I had the dream again last night.
I’m in a car, a convertible, driving at high speed. Where I am or where I am going is not important. What is important is that I hit a ramp and start to climb. I’m on bridge over water. The pitch of this bridge is unspeakably steep. It seems I am climbing straight up to a point at which the bridge disappears. I will sail out and out and down.
I always wake at that point, gasping and choking. Sailing from the end of the bridge is terrifying, but so too is the compulsion to yank the car to the left or right, bust through the puny guard rails, and send myself into the void before I reach the horizon.
I’m not fond of this dream, but it’s one from which I can awaken. The actual driving over a bridge is a waking nightmare for me. I do it, when I can find no other way to negotiate a trip, but the various stages of panic make the ordeal disquieting. In the early stages I can see the sweep, the arc, of the bridge, and if I forget to look down, I can see the river or train tracks or highway below. The setting is relatively unimportant, although bridges over wide spans of water tend to rise more precipitously and stretch for a longer distance than the relatively compact highway overpass. I have to pull my vision back to the middle of the bridge. As I gain height, I concentrate in seeing only a thin strip of roadway in front of me. If I’m in the outside lane, I feel an obligation to slew into and over the guard rail; if I’m in the inner lane, there’s something seductive about the stream of oncoming traffic.
It never occurs to me to swerve into the oncoming lane in any other circumstance; I’m perfectly content to keep to my own space. Perhaps other gephyrophobes have better language to describe what I experience as claustrophobia at high speed; it’s as if I am smothered by fear and can only break away by breaking away. Sounds bad, you say, and I agree, but then traffic comes to a halt, and I am trapped mid-bridge, now compelled to look about me to assess the relative impact of my fall, stuck with thousands of pounds of automobiles on cantilevered concrete intended to bear the weight of far fewer standing cars.
“What? Are you afraid of being blown off the bridge by a gust of wind?” Yes. “Are you afraid the bridge might collapse?” Duh. Of course I’m afraid of both those situations. Who wouldn’t be? Ask any number of intrepid bridge drivers, “How would you feel if this bridge collapsed?” I doubt that many shrug and say, “Hey, it happens.”
Gephhyrophobia is described is an anxiety disorder, which is like saying that cannibalism is an eating disorder. Anxiety is a cold chill down the spine; panic is all the air sucked out of the universe. It’s not just bridges, although bridges always bring panic; I can feel the same powerful waves of fear on a boat in the middle of an expanse of water or looking out of the window in a tall building. Doesn’t have to be that tall, actually.
What seems clear is that I am the living embodiment of Franklin D. Roosevelt’s oft repeated axiom, “The only thing to fear is fear itself,” which may or not be true for those facing real and immediate danger but is absolutely true for me in the midst of situations that are not threatening for most people. I am overwhelmed with the fear that fear will prompt me to do the unthinkable, veer off the bridge, step off the building, jump into the ocean.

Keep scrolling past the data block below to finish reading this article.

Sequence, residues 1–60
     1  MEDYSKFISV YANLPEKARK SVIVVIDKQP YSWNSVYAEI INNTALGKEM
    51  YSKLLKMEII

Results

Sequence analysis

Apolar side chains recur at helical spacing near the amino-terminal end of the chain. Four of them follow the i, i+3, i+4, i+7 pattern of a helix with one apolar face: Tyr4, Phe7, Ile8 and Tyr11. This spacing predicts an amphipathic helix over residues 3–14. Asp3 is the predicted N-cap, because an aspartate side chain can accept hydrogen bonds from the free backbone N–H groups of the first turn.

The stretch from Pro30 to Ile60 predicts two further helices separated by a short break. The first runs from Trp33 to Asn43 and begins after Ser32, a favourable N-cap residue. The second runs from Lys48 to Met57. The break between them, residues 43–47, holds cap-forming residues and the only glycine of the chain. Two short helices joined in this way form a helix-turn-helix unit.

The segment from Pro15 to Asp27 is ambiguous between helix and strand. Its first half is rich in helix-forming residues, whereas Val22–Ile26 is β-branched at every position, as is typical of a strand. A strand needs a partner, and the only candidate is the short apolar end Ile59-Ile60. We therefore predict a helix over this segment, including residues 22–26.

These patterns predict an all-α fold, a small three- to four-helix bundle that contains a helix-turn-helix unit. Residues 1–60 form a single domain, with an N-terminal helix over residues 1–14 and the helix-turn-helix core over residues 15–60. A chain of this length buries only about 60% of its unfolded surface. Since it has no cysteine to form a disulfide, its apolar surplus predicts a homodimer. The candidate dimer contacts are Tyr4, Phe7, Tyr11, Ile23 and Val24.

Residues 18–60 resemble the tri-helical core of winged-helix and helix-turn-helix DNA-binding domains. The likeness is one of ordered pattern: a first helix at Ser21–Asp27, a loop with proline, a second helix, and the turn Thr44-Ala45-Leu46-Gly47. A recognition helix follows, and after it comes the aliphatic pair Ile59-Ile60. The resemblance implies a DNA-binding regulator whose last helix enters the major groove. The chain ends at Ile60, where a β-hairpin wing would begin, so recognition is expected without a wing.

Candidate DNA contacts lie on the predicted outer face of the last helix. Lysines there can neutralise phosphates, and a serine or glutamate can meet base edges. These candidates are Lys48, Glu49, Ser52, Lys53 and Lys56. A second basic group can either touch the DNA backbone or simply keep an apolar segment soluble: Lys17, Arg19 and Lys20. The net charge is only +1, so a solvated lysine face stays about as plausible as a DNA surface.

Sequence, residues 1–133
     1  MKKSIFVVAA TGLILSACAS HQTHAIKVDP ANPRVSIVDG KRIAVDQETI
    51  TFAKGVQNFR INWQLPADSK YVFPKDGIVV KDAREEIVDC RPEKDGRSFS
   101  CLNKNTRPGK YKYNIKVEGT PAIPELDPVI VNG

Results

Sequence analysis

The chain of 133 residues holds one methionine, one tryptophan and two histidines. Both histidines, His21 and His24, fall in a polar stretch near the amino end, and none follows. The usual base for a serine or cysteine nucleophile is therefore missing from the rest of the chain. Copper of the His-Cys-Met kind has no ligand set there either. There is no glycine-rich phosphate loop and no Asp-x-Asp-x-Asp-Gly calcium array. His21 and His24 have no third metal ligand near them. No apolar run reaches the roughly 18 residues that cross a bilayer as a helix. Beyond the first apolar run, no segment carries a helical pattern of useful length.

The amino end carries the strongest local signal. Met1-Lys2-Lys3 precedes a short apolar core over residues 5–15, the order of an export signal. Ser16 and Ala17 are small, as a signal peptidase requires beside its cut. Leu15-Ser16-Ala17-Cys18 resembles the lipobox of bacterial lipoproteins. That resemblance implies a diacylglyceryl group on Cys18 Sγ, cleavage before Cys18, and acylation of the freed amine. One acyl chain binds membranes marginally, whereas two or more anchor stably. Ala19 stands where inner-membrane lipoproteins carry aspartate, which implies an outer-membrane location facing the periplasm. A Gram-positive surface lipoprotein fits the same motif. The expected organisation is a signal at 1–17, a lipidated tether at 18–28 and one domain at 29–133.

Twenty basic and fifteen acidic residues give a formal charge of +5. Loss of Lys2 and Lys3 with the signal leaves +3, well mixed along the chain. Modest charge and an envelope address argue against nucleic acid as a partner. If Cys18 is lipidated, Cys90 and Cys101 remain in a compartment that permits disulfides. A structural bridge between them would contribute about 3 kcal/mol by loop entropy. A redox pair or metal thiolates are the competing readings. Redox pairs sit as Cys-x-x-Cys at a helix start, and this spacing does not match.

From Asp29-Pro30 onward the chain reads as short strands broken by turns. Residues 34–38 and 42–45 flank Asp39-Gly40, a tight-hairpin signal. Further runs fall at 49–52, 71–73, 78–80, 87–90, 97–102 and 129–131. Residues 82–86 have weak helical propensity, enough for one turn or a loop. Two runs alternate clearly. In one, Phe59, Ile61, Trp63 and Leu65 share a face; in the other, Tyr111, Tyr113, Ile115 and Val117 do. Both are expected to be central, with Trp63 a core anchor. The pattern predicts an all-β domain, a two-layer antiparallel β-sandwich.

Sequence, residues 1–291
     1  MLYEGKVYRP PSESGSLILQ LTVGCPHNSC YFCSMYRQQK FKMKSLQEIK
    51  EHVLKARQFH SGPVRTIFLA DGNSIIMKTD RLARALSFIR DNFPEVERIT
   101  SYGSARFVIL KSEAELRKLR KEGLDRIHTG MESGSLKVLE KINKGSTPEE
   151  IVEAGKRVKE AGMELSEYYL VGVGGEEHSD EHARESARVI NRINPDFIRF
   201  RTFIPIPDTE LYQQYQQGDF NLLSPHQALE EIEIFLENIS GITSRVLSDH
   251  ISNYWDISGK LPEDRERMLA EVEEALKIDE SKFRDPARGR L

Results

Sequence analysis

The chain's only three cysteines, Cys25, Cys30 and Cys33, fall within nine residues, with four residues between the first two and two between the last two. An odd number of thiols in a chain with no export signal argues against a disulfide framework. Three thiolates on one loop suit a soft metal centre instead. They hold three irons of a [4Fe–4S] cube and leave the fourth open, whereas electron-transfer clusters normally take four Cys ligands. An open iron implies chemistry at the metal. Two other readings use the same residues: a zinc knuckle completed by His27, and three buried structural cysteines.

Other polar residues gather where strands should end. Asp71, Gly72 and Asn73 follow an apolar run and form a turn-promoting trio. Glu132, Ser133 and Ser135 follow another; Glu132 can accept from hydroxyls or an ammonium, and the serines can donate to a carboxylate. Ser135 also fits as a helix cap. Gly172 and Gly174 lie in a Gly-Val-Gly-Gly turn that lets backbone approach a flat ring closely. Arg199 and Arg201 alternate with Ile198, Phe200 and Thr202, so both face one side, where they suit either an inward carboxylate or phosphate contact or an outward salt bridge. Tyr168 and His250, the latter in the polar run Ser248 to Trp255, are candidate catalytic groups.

I don’t want to do any of these things; I don’t think about them until I am on a bridge, or near a window on the 50th floor, or looking at the horizon on a boat. I absolutely understand a phobic response to sharp knives; I’m not afraid that I’ll stab myself, but I would get it if someone described their panic as they thought of doing just that.
Let’s get off the ledge for a minute and take a look at this fear of fear. In my case, watching a movie in which a driver races across a long bridge is enough to make me swallow hard. I’m ok, unless the director leaves the car and driver at the top of a swaying bridge, plugging in long shots from the bridge to water far, far below. I’m suggestible and easily emotionally manipulated, but the bridge thing is more intense than the trapped in a submarine or diving airplane sequence, either of which should be about as nasty as conditions could be.
Suggestibility is another way of saying that I become fearful in the absence of an appropriately fearful stimulus; I’m afraid before I have reason to be afraid. I’m suggesting a larger societal implication here, but the point to be made in advance of wider hypothesis is that my fear is not mitigated by reason or comforted by experience; I can’t be reassured out of panic.
To finish up with the bridge as metaphor, a nation may not be able to escape from undue anxiety until our feet are on the ground; there’s not much to talk about as we race out of control trying to outrun fear.
Meanwhile, I’ve found a way to get to my destination without crossing a bridge. It adds a half hour to the trip, but I’ll arrive chipper and unscarred, certainly worth a few extra minutes of back road navigation. On my next holiday, will I be driving the hairpin four mile Megler Bridge from Astoria to Point Ellice, or the twenty-four mile Lake Pontchartrain Causeway, even though that bridge is not terribly high, or the Chesapeake Bay Bridge, which is two hundred feet above the water for more than four miles?
Sorry, can’t breathe. Must stop.